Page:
12. SMART Objectives How to define objectives • S: Specific • M: Measurable • A: Attainable • R: Realistic • T: Time-bound

  13. Outcomes Task outcomes: an action plan, a solution, a decision, an informed group Process outcomes: a cooperative attitude, commitment, motivated team members

  14. Prepare Agenda • To prepare an agenda, consider the following factors: • Priorities – what absolutely must be covered? • Results – what do need to accomplish at the meeting? • Participants – who needs to attend the meeting for it to be successful? • Sequence – in what order will you cover the topics? • Timing – how much time will spend on each topic? • Date and Time – when will the meeting take place? • Place – where will the meeting take place?

  15. Meeting Agenda Adapted from

  16. Various Roles in Facilitated Meetings Agenda Outcomes Rules Facilitator Public displays served as group or organizational memory Scribe (Technographer) Roles Participants Source: Adapted from

  17. Participants of Meetings • Essential: People who… • Have relevant information or expertise • Will make the final decision • Are affected by or will carry out a decision • Might significantly prevent or interfere with the implementation of a decision • Optional: • Individuals with higher functional responsibility • People with a general interest in the meeting information or outcomes • Staff or support members who will be indirectly affected by the outcome • People with similar problems or work situations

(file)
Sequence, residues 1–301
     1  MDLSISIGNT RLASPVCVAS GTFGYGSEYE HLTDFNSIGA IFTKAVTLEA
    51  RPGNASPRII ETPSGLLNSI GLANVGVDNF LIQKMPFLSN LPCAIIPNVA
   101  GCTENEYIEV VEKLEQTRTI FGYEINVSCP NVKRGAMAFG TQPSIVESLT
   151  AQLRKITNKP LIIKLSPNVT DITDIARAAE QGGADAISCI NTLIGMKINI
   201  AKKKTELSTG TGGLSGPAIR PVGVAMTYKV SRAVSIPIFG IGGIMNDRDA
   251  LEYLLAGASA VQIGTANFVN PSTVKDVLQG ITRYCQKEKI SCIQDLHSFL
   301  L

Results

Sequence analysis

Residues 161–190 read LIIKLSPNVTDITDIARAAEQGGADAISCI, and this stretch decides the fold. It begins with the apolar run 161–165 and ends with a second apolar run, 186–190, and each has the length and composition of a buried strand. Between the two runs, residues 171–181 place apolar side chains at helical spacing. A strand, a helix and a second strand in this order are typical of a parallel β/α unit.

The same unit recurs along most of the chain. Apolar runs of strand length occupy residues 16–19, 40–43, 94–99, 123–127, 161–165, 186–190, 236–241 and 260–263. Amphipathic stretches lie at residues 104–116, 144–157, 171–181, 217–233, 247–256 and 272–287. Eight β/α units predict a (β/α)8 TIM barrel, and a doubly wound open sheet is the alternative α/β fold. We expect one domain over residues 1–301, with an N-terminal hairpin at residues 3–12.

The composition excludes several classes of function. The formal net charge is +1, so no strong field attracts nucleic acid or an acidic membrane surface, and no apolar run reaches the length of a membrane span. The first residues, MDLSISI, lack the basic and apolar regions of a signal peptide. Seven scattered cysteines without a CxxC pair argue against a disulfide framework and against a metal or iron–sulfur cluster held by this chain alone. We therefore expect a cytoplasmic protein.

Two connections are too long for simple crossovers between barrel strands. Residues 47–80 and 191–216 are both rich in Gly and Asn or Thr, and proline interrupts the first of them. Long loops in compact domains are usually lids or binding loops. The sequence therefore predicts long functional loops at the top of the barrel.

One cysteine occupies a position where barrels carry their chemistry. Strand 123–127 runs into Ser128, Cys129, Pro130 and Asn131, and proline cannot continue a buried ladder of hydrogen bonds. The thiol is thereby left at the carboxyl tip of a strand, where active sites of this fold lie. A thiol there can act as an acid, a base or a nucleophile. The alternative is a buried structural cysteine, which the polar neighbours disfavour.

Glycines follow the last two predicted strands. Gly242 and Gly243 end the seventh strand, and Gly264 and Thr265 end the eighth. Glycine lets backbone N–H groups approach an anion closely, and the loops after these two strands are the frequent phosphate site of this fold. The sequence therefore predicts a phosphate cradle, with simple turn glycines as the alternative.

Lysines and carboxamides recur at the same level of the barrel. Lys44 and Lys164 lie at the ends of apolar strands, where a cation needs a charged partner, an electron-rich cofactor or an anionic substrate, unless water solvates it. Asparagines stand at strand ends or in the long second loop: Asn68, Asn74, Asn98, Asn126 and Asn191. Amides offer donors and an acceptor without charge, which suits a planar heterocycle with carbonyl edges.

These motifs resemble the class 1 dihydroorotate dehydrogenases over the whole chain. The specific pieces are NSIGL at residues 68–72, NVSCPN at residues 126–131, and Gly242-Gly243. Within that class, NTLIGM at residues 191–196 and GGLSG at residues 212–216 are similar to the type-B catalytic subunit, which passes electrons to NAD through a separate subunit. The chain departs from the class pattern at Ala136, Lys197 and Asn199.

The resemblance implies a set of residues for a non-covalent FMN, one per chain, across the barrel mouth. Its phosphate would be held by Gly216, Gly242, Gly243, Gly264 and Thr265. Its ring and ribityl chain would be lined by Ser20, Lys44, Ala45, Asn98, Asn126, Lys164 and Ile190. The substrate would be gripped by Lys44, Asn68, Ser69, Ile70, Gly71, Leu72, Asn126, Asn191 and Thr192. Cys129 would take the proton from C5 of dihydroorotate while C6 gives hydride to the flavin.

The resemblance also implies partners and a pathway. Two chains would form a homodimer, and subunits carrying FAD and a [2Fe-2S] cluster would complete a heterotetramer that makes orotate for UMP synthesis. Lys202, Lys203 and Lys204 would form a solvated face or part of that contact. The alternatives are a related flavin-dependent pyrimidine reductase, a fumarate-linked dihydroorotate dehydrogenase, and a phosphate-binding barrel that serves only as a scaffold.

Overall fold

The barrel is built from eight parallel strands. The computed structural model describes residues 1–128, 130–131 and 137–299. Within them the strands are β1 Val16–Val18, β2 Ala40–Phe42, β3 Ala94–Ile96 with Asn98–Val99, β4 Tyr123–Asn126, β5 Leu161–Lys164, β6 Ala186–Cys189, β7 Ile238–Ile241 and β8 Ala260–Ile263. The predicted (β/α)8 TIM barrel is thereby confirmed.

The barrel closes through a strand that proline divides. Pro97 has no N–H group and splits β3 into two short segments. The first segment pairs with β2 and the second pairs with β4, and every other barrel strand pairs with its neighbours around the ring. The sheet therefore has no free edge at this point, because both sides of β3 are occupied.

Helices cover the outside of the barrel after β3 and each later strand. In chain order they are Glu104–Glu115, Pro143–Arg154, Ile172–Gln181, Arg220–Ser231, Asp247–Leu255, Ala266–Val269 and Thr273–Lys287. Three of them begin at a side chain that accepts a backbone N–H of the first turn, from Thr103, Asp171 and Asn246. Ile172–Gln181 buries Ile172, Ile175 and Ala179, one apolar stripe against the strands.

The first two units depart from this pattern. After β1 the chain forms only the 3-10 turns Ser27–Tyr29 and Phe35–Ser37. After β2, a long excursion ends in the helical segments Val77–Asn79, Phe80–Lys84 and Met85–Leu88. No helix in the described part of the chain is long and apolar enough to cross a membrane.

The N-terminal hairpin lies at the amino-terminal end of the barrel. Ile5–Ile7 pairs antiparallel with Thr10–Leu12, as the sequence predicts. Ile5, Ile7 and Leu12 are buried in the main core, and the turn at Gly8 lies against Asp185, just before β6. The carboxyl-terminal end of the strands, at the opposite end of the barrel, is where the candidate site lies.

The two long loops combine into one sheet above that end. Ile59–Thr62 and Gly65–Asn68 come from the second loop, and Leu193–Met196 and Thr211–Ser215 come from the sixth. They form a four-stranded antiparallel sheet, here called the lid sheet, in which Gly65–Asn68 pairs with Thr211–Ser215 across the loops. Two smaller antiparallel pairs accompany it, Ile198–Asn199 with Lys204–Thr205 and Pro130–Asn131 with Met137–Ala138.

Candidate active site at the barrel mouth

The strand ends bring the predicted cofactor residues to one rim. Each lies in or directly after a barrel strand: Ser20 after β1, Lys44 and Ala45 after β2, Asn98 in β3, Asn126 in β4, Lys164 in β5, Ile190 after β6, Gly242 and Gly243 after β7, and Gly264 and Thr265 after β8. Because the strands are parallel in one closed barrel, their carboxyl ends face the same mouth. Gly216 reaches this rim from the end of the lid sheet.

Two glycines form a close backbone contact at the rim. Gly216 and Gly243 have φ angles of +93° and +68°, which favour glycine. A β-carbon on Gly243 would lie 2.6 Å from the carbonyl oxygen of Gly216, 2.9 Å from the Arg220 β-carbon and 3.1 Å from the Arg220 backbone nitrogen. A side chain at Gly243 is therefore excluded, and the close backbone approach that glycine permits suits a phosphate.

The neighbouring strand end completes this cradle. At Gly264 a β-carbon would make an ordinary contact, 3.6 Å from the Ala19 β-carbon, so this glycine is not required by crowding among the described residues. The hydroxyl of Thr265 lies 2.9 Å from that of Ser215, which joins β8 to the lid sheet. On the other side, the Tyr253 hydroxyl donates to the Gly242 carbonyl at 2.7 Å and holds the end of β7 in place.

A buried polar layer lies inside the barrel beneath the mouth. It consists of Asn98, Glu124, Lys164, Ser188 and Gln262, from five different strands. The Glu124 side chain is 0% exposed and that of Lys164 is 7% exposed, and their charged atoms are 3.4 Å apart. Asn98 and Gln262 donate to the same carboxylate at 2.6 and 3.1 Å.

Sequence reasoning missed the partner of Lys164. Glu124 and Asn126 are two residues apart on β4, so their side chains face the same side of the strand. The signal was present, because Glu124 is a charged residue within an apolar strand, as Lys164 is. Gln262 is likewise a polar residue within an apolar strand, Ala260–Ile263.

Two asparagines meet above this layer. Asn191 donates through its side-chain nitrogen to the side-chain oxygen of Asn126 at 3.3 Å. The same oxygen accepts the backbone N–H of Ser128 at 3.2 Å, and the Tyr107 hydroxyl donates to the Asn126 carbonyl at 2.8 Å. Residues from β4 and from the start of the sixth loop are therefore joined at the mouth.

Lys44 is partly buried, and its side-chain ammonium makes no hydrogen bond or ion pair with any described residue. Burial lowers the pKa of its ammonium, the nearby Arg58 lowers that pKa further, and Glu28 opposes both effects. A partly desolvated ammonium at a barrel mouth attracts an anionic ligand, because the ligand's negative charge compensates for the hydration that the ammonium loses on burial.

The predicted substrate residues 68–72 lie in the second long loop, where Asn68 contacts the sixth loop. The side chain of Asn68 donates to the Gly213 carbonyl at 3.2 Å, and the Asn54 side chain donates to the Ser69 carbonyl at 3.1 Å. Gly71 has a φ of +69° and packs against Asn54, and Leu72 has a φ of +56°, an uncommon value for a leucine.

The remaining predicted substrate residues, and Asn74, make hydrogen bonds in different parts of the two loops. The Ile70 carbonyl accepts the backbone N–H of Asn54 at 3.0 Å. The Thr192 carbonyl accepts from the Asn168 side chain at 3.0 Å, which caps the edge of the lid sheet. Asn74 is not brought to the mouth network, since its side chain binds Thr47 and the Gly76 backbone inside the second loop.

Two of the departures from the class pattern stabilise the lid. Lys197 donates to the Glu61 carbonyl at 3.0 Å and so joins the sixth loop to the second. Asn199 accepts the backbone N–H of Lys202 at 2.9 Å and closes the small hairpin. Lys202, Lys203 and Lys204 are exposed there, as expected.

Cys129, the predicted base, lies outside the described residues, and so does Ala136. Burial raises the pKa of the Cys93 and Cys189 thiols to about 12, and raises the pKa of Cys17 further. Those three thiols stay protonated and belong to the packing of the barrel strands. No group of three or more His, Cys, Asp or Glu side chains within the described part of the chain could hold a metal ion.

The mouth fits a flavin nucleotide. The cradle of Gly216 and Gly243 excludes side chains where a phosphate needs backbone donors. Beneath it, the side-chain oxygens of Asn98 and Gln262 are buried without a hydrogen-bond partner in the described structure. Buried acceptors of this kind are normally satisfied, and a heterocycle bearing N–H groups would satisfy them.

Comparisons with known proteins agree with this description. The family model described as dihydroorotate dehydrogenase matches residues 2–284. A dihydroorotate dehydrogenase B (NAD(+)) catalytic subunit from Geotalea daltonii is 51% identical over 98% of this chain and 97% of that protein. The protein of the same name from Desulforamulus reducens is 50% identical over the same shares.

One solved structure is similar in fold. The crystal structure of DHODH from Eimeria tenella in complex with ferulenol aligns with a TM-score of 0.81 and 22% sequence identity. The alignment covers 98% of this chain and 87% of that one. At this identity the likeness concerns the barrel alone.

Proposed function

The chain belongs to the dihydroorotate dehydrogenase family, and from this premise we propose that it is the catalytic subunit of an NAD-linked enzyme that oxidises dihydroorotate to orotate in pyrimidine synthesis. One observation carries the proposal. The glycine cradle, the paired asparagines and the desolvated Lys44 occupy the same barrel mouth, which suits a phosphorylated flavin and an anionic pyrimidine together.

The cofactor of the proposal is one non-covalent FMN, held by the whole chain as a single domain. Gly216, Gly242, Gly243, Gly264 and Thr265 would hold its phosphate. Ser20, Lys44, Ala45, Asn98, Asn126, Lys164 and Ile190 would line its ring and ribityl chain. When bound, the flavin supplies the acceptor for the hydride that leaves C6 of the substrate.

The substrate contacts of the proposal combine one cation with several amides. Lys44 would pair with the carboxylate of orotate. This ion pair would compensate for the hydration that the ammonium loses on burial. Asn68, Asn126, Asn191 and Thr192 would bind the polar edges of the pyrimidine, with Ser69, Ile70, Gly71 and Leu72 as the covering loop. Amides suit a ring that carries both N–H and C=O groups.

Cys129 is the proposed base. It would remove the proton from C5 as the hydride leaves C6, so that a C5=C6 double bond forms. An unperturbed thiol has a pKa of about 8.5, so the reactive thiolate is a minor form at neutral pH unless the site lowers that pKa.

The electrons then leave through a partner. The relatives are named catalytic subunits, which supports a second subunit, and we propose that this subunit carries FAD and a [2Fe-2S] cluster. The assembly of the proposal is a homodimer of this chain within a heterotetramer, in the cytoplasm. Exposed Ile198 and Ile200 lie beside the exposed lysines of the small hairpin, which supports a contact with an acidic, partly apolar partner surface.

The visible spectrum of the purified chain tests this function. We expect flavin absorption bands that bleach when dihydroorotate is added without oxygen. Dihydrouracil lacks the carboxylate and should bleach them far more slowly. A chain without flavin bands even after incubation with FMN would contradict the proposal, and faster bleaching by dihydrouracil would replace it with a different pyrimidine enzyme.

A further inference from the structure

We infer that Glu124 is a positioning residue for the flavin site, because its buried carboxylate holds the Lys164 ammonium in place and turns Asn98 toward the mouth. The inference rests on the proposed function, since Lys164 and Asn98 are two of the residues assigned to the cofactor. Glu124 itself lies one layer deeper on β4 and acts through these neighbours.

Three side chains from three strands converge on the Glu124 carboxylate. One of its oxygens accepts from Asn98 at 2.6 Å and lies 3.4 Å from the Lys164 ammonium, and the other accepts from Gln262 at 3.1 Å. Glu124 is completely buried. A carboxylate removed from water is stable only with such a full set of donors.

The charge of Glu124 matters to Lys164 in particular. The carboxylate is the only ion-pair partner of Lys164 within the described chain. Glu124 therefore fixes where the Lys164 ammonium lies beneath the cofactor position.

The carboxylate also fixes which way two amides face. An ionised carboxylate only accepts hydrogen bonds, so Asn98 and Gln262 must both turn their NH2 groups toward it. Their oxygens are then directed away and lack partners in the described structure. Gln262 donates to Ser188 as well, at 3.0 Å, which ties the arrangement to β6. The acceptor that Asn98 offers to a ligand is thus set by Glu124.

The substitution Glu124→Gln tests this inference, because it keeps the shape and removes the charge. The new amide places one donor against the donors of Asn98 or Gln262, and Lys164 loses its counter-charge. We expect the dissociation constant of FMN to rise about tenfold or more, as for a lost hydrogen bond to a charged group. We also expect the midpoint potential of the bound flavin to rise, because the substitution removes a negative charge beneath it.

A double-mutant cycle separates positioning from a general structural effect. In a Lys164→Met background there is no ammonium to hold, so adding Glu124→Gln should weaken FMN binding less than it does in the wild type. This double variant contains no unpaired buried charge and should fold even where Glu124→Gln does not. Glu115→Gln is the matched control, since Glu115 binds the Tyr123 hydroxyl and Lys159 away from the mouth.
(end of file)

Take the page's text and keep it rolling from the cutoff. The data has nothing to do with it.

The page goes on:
18. Ground Rules • Ground rules are guidelines for desired behaviors that enhance the process of the meeting and assist in accomplishing its purpose (task). • They are standards that help clarify expectations regarding participation and can be used to address counterproductive behavior. • Some example ground rules are: - Listen to the person who is talking - One person talks at a time, without interruption - Stay on track - No side conversations - Be creative - Communicate directly, honestly, and respectfully - Hold questions until a person has finished speaking - Limit contributions to five minutes • It is a good idea to ask a group to suggest changes or additions to add to an initial listing of ground rules.

  19. Facilitating the Meeting At the end of each agenda item, quickly summarize what was said, and ask people to confirm that that's a fair summary. Note items that require further discussion (open issues at parking lot). Watch body language and make adjustments as necessary. Maybe you need a break. (Flexibility) If certain people are dominating the conversation you may need to stop them, make a point of asking others for their ideas. (Full participation by everyone) Ensure the meeting stays on topic. (Focus ) List all tasks that are generated at the meeting. Make a note of who is assigned to do what, and by when. (Follow up Actionable Items) At the close of the meeting, quickly summarize next steps and inform everyone that you will be sending out a meeting summary/minutes.